Despite resoundingly negative feedback, the IndyCar Series’ controversial engine change penalty system will remain in place for the 2013 season.
Last season saw the series return to manufacturer rivalry, with Chevrolet and Lotus joining Honda as engine suppliers. The series’ rules were tweaked, dictating each driver was limited to five engines for the season. If the limit was exceeded or an engine changed before it reached its minimum mileage threshold, the driver would cop a ten-place grid penalty.
But the advent of new engine regulations saw all three engine manufacturers struggle with reliability concerns, and many events’ starting grids were completely reshuffled due to engine changes. The most extreme example came at Long Beach, where all of the Chevrolet runners took precautionary engine changes after qualifying.
After much discussion during the off-season, the series’ powers that be opted to leave the regulation framework ‘as is’, as part of a broader communication to the media outlining other changes to the rules in play for the 2013 season.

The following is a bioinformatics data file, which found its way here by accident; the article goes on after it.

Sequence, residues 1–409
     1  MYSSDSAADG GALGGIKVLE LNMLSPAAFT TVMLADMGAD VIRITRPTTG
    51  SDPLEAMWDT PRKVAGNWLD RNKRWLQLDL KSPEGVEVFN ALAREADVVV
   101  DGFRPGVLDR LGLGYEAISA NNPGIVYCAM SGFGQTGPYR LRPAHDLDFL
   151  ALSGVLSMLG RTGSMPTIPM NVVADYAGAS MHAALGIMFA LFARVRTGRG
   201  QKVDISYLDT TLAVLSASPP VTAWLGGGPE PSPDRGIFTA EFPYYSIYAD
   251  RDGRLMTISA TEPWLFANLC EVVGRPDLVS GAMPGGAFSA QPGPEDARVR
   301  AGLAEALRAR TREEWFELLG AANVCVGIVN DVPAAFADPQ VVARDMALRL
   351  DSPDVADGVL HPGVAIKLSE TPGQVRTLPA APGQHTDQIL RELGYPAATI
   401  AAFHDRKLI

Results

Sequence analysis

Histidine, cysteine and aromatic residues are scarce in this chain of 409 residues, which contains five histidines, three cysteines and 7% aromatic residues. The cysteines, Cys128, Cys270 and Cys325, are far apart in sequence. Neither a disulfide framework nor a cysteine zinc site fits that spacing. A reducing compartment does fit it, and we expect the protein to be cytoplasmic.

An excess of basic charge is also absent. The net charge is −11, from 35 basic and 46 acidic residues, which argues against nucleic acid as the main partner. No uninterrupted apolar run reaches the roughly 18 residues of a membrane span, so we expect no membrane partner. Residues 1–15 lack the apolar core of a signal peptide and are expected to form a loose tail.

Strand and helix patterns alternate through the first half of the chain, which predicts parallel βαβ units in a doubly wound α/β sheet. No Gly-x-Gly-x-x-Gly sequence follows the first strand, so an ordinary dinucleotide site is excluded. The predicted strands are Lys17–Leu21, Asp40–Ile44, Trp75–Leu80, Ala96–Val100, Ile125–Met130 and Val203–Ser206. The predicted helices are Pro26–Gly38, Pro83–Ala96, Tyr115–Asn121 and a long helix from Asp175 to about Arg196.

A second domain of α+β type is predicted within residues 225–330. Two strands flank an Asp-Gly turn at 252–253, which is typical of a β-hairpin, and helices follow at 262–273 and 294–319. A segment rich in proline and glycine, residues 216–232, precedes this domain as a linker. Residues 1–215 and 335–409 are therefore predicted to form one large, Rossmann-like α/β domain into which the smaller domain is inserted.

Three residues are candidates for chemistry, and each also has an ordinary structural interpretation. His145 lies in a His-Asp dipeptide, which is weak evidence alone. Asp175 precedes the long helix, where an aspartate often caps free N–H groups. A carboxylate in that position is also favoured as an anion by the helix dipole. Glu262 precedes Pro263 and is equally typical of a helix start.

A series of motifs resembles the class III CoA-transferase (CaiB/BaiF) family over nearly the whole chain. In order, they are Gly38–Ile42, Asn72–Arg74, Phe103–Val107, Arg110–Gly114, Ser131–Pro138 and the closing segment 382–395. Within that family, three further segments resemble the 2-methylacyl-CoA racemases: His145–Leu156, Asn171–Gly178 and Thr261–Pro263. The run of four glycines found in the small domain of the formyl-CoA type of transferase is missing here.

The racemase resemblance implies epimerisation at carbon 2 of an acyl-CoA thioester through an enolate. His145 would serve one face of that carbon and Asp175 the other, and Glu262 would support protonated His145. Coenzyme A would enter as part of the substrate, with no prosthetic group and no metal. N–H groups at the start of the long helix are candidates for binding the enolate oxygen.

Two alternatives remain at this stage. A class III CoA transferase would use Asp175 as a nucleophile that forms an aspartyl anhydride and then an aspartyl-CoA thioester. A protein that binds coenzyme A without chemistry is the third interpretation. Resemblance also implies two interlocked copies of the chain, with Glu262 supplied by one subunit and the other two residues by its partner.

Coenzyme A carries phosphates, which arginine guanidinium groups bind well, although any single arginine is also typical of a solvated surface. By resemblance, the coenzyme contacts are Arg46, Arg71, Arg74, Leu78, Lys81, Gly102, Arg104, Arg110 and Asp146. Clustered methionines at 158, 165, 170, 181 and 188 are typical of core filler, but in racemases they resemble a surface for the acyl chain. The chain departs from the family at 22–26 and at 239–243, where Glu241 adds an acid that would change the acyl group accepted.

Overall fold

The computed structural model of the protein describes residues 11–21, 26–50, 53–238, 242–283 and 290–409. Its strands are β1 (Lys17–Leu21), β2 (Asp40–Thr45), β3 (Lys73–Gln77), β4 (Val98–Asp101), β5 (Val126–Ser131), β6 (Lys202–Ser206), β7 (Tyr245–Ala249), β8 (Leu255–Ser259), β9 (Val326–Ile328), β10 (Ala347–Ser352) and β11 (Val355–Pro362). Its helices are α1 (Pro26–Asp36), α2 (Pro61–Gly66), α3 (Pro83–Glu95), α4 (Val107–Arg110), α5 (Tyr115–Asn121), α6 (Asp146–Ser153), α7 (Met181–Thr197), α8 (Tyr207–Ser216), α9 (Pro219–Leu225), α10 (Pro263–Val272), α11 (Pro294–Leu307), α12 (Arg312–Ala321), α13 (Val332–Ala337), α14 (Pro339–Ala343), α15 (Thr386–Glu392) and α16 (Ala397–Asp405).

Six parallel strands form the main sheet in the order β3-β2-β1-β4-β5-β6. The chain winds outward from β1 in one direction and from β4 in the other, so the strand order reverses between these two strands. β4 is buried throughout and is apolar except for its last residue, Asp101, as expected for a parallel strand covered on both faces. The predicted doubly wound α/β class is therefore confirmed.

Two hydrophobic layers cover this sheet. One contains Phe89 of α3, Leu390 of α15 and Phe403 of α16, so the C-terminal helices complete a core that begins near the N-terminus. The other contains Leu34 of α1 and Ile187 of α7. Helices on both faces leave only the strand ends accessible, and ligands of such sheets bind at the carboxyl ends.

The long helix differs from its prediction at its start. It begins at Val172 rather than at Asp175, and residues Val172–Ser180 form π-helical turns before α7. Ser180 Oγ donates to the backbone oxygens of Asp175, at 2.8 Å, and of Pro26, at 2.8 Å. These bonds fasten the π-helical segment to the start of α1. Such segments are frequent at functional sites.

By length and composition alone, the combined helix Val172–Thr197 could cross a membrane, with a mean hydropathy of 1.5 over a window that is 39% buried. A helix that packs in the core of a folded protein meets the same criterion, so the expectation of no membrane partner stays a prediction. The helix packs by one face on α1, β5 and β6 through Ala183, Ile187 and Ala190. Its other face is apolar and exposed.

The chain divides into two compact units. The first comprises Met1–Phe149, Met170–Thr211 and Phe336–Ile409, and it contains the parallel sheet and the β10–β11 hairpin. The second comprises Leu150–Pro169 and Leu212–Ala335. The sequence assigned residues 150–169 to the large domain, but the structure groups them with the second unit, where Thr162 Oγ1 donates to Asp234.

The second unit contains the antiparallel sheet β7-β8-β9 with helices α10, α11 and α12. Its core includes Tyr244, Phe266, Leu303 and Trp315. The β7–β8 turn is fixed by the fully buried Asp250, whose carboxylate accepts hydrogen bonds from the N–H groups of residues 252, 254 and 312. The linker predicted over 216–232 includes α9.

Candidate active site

“Our engine regulations were created to ensure cost-containment measures for both the manufacturers and teams, and those will continue in 2013,” IndyCar’s technical chief, Will Phillips, said.
“We looked at a variety of options to potentially replace our unapproved engine change penalty, seeking feedback from the teams and manufacturers.
“After careful consideration and heavy debate, we believe our best option was to continue with the 10-spot grid penalty. We feel it is important to continue to be consistent with this penalty for both the long and short term.”
Among other changes to the 2013 rules were tweaks to the points-scoring structure – those classified as 19th- to 25th-placed finishers will no longer score the same number of points – while drivers found guilty of impeding another competitor in qualifying will be barred from progressing to the next session, in addition to having their fastest two lap-times from the session in question revoked.